Spanish Grammar Guide

Present Subjunctive (e.g.: Quiero que hables)

An Overview of the Present Subjunctive in Spanish:

Spanish makes extensive use of the subjunctive, which is simply a special form of the verb that occurs after certain verbs or expressions. In order to master the subjunctive, you need to know two things:

1) how to form the subjunctive of a given verb;

2) the preceding verbs/expressions that trigger use of the subjunctive form for the following verb.

English makes very limited use of the subjunctive. Still, it does exist. For example, while one usually writes "I know she is happy", the verb form can change following a verb that expresses a desire, for example, "I wish she were happy". The Spanish subjunctive is similar, but it is more frequent and affects many verbs.

How to form the subjunctive

Let’s first look at the subjunctive forms themselves. For most verbs, the stem is based on the present indicative yo form, e.g:

  • Yo tengo > stem = teng-
  • Yo hablo > stem = habl-

The final vowel is different than the one used for the present indicative. The subjunctive of -ar verbs involves a change from "a" to "e", e.g.:

  • Ella habla > Quiero que ella hable.
  • Tú tocas> Quiero que tú toques.
  • Nosotros empezamos> Quiero que nosotros empecemos.
  • Ellos bailan> Quiero que ellos bailen.

The following table shows the subjunctive endings for -ar verbs, e.g.: hablar.

subject ending example
yo -e hable
-es hables
él, ella, usted
-e hable
nosotros -emos hablemos
vosotros -éis habléis
ellos, ellas, ustedes
-en hablen

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  • Note that verbs ending in -zar/-gar/-car have spelling changes in the yo and nosotros forms only, -zar changes "z" to "c" and -gar/-car adds a "u", e.g.: Es dudoso que juegue al fútbol mañana, pero es posible que toquemos música. This is the same spelling change that occurs for these verbs in the yo form of the preterite.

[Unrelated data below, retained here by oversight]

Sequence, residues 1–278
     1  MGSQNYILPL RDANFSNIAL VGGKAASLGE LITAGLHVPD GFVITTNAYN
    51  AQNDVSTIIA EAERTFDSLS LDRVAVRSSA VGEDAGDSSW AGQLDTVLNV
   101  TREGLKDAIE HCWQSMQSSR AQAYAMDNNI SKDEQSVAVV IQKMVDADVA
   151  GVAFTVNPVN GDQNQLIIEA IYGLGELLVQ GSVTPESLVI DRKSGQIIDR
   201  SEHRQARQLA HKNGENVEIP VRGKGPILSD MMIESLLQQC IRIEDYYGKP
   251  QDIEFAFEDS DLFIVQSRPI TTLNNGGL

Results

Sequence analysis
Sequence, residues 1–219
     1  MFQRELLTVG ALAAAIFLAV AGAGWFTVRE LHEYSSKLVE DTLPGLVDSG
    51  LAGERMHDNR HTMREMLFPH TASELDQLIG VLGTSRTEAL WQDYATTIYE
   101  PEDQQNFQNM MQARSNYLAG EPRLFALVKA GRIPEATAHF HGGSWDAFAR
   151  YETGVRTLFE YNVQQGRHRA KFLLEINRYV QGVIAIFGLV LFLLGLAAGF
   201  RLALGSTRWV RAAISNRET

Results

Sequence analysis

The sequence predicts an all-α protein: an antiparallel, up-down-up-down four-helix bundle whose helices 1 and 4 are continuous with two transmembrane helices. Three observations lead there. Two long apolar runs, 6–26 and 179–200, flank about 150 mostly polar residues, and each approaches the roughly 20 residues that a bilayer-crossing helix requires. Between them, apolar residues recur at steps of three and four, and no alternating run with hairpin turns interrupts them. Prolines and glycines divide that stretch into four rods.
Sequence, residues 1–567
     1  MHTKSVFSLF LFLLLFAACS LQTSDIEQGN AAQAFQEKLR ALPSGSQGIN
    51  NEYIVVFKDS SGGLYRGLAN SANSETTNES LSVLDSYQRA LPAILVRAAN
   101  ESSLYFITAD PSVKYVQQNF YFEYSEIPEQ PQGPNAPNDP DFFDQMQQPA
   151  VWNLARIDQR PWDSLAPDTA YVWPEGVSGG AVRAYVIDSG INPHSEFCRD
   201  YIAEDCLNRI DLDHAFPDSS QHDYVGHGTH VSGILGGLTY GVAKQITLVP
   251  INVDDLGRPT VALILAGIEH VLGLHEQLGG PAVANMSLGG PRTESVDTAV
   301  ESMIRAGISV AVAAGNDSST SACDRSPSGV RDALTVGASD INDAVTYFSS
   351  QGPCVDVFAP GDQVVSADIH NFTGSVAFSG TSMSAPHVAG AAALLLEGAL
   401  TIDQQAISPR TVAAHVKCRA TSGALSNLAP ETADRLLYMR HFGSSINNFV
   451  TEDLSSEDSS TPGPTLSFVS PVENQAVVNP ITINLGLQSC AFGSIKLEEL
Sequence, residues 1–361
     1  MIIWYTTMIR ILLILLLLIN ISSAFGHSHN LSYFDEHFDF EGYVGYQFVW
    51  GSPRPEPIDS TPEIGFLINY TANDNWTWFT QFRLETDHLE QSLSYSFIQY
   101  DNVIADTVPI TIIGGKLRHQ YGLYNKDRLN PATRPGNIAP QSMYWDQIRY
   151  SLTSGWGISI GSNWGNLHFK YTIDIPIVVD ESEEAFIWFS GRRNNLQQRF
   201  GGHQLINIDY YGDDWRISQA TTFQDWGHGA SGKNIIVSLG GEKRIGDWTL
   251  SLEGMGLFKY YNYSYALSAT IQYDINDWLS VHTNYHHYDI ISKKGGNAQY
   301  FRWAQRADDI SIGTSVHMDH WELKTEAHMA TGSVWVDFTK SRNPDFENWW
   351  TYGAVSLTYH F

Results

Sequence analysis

If the verb's infinitive ends in -er or -ir, the ending begins with "a", e.g.: 

  • Ella vende > Quiero que ella venda.
  • Tú vendes > Quiero que tú vendas.
  • Nosotros perdemos > Quiero que nosotros perdamos.
  • Ellos pierden > Quiero que ellos pierdan.


The following table shows the subjunctive forms for verbs ending in -er or -ir, e.g.: vender.

subject ending example
yo -a venda
-as vendas
él, ella, usted
-a venda
nosotros -amos vendamos
vosotros -áis vendáis
ellos, ellas, ustedes
-an vendan

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There are also a six verbs with an irregular subjunctive form. They are illustrated in the following tables:

 
ir ("to go")
subject subjunctive
yo vaya
vayas
él, ella, usted
vaya
nosotros vayamos
vosotros vayáis
ellos, ellas, ustedes
vayan

 

ser ("to be")
subject subjunctive
yo sea
seas
él, ella, usted
sea
nosotros seamos
vosotros seáis
ellos, ellas, ustedes
sean

 

estar ("to be")
subject subjunctive
yo esté
estés
él, ella, usted
esté
nosotros estemos
vosotros estéis
ellos, ellas, ustedes
estén

 

dar ("to give")
subject subjunctive
yo
des
él, ella, usted
nosotros demos
vosotros déis
ellos, ellas, ustedes
den

 

saber ("to know")
subject subjunctive
yo sepa
sepas
él, ella, usted
sepa
nosotros sepamos
vosotros sepáis
ellos, ellas, ustedes
sepan

 

haber 
subject subjunctive
yo haya
hayas
él, ella, usted
haya
nosotros hayamos
vosotros hayáis
ellos, ellas, ustedes
hayan

  

Verbs and expressions that trigger the subjunctive